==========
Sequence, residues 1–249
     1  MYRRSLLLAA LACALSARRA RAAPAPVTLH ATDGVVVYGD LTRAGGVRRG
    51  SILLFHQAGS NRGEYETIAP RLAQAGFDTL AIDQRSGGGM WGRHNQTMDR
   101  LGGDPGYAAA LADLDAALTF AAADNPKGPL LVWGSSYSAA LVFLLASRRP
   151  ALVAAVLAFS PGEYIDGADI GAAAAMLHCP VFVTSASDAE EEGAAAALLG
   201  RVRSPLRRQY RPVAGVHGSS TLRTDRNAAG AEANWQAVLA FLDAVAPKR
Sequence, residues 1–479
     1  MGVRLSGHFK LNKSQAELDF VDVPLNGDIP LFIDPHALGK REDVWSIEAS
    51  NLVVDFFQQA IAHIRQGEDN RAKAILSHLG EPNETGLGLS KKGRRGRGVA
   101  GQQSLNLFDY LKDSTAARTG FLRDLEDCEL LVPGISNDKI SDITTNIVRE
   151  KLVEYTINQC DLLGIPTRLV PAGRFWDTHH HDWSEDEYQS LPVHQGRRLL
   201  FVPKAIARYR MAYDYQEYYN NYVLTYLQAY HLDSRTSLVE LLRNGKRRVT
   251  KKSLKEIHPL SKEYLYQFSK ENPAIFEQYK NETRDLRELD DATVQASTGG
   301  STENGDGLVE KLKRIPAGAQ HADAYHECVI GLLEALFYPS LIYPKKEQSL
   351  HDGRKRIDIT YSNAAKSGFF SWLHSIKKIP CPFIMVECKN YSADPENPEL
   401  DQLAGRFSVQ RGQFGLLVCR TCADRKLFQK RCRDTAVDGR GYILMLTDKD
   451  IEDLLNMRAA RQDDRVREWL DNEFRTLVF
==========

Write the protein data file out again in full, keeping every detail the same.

Sequence, residues 1–249
     1  MYRRSLLLAA LACALSARRA RAAPAPVTLH ATDGVVVYGD LTRAGGVRRG
    51  SILLFHQAGS NRGEYETIAP RLAQAGFDTL AIDQRSGGGM WGRHNQTMDR
   101  LGGDPGYAAA LADLDAALTF AAADNPKGPL LVWGSSYSAA LVFLLASRRP
   151  ALVAAVLAFS PGEYIDGADI GAAAAMLHCP VFVTSASDAE EEGAAAALLG
   201  RVRSPLRRQY RPVAGVHGSS TLRTDRNAAG AEANWQAVLA FLDAVAPKR
Sequence, residues 1–479
     1  MGVRLSGHFK LNKSQAELDF VDVPLNGDIP LFIDPHALGK REDVWSIEAS
    51  NLVVDFFQQA IAHIRQGEDN RAKAILSHLG EPNETGLGLS KKGRRGRGVA
   101  GQQSLNLFDY LKDSTAARTG FLRDLEDCEL LVPGISNDKI SDITTNIVRE
   151  KLVEYTINQC DLLGIPTRLV PAGRFWDTHH HDWSEDEYQS LPVHQGRRLL
   201  FVPKAIARYR MAYDYQEYYN NYVLTYLQAY HLDSRTSLVE LLRNGKRRVT
   251  KKSLKEIHPL SKEYLYQFSK ENPAIFEQYK NETRDLRELD DATVQASTGG
   301  STENGDGLVE KLKRIPAGAQ HADAYHECVI GLLEALFYPS LIYPKKEQSL
   351  HDGRKRIDIT YSNAAKSGFF SWLHSIKKIP CPFIMVECKN YSADPENPEL
   401  DQLAGRFSVQ RGQFGLLVCR TCADRKLFQK RCRDTAVDGR GYILMLTDKD
   451  IEDLLNMRAA RQDDRVREWL DNEFRTLVF